Murayama, who would later be known as “Mr. Tigers the Second,” made his first appearance on March 2, 1959, which was the final game played by the original Mr. Tigers, Fumio Fujimura. He pitched just two innings but surrendered just a single hit. He made his regular season debut on April 14 against the Kokutetsu (now Yakult) Swallows, who brought their ace (and three-time defending Sawamura Award winner) Masaichi Kaneda to the mound. Murayama had a no-hitter going through six innings and ended up with a 2-hit complete game shutout, getting the win. He threw a no-hitter on May 21 against the Giants, winning 3-2. Runs scored because of errors by his fielders. A month later, Murayama threw a pitch that would alter the course of his career.

On June 25, for the first time in baseball history, the emperor of Japan attended a baseball game. The Yomiuri Giants were hosting the Osaka Tigers at Korakuen Stadium. The game started at 7 pm and the Emperor was only able to stay at the game until 9:15. Sadaharu Oh tied the game at 4 in the bottom of the seventh, at which point the Tigers brought Murayama in relief of Masaaki Koyama. The score remained knotted until the bottom of the ninth. With extra innings looming and time running out before the Emperor had to leave, cleanup hitter Shigeo Nagashima stepped to the plate. On a two-and-two count, at 9:12pm, Nagashima smacked one over the left field wall right at the foul pole, giving the Giants a walk-off victory and the Emperor a chance to watch the game to the end. Murayama swore the ball was foul, and continued to believe so well after his retirement. The rivalry between Nagashima and Murayama would go down in history as one of the most legendary duels in NPB history.

Murayama would end the season with a 18-10 record and a 1.19 ERA. He took the Sawamura Award in his rookie year but did not win Rookie of the Year. He did, however, take the MVP in 1962 and the Sawamura Award in back-to-back seasons in 1965 and 66.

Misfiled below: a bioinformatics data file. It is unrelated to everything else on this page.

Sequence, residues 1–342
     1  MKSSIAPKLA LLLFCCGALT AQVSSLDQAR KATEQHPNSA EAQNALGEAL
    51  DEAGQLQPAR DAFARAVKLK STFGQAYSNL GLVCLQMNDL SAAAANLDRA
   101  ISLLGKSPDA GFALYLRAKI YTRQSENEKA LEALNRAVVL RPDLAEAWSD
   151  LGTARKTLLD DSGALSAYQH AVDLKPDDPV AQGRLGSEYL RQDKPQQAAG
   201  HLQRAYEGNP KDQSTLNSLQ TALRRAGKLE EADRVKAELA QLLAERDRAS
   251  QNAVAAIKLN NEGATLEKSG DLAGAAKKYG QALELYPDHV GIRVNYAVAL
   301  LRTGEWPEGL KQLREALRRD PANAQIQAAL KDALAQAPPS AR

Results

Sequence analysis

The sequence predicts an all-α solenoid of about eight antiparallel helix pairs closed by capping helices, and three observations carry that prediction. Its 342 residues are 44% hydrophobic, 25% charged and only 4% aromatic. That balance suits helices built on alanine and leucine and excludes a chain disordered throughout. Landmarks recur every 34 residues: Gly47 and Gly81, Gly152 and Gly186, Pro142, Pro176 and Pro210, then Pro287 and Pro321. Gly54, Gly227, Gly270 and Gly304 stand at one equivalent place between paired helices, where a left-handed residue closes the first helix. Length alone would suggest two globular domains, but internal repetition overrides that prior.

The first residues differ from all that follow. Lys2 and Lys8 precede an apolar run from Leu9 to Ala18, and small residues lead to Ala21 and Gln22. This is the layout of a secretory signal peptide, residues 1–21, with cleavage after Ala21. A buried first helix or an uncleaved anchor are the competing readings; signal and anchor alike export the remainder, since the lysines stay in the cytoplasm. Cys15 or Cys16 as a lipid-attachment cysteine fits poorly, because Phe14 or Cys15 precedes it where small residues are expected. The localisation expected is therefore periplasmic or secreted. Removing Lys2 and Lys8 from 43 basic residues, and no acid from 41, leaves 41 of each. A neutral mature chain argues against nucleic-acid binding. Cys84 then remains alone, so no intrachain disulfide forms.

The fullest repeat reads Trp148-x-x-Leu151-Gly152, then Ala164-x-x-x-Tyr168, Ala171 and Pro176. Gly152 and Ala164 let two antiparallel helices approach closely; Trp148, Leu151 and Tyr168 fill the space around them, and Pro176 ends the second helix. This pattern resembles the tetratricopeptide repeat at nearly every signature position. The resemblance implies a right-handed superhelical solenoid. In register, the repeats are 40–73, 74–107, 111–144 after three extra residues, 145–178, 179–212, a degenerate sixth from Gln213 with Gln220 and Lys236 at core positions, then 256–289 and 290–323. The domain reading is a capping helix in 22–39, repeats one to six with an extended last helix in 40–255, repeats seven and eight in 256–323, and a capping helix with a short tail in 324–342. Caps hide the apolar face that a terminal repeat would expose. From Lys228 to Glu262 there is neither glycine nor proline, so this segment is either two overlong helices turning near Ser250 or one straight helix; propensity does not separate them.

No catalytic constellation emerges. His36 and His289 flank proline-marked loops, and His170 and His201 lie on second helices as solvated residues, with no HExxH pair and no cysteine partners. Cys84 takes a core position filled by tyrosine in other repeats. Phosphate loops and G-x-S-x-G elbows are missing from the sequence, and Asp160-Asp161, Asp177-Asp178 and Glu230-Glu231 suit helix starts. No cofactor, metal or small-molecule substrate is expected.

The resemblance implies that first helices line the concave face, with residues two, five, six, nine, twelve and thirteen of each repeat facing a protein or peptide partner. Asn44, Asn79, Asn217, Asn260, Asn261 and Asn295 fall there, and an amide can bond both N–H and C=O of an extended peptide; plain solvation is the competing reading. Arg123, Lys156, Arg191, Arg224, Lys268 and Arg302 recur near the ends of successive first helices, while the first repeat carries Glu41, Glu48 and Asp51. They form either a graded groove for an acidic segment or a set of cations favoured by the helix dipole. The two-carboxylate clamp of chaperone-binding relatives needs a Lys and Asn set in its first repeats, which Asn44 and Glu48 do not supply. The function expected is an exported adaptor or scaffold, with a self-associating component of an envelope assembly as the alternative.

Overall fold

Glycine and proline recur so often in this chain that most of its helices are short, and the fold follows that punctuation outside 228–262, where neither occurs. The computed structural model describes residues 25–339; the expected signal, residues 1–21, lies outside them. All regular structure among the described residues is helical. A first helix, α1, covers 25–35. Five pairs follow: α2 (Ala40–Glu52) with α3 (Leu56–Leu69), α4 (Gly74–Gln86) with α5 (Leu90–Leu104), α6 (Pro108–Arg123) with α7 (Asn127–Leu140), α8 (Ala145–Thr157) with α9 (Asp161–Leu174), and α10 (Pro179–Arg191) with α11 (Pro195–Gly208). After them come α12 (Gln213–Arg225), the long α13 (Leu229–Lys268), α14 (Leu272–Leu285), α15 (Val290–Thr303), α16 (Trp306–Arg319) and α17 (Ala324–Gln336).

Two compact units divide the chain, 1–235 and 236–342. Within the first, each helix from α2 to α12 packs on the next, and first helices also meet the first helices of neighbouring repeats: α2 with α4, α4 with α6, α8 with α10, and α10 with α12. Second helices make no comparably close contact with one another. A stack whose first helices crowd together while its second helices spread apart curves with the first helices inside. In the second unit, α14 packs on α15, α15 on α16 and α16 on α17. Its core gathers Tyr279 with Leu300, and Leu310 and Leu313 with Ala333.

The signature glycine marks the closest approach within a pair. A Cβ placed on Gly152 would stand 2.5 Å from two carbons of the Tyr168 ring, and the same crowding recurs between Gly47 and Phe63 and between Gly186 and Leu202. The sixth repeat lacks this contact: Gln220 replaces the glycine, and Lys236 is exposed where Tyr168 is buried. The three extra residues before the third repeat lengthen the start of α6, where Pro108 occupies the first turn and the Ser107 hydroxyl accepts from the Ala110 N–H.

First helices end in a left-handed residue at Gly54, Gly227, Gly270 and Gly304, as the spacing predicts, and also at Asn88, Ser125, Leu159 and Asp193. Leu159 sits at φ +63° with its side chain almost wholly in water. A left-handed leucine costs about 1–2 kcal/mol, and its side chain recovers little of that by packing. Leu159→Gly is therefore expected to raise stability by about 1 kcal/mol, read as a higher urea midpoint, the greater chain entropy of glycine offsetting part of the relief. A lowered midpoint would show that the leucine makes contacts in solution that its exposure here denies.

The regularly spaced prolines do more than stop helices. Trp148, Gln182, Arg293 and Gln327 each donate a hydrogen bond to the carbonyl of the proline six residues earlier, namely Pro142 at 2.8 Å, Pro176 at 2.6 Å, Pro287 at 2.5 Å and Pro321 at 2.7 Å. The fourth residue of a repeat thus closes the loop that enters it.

Despite helping lead the Tigers to pennants in 1962 (with Sawamura winner Koyama) and 1964 (with Sawamura winner Gene Bacque), the team was unable to defeat the Pacific League champions. Murayama pitched in all 6 games in in the 1962 Nippon Series, but lost two of them, mostly due to poor run support. He would also lose three games in the 1964 series, setting a record by losing 5 straight Nippon Series decisions.

In the 1962 offseason, in a Japan-America exhibition game, Murayama no-hit the Detroit Tigers through 7 ⅔ innings, ending the game with a 2-hit (0 walks, 9 strikeouts) complete game shutout. The opponent’s manager actually personally extended an invitation to Murayama to join them the following season, but the latter, who understood no English, replied, “Thank you, sir” but later hearing a translation of what was said to him, smiled awkwardly, clearly not ready to leave Japan.

Murayama continued to dominate through the mid-sixties, but was slowed down by injury in 1967 when he suffered a blood circulation disorder. By then, the Tigers had a young hurler named Yutaka Enatsu who would replace Murayama as the team’s ace. In the late 1960s, he continued as player-coach, taking the pitching coach role in 1969 and the manager’s role in 1970 (a year in which he recorded a microscopic 0.98 ERA) until early 1972. The pressures of the job got to him early that final season, and he surrendered the managerial position and focused entirely on pitching.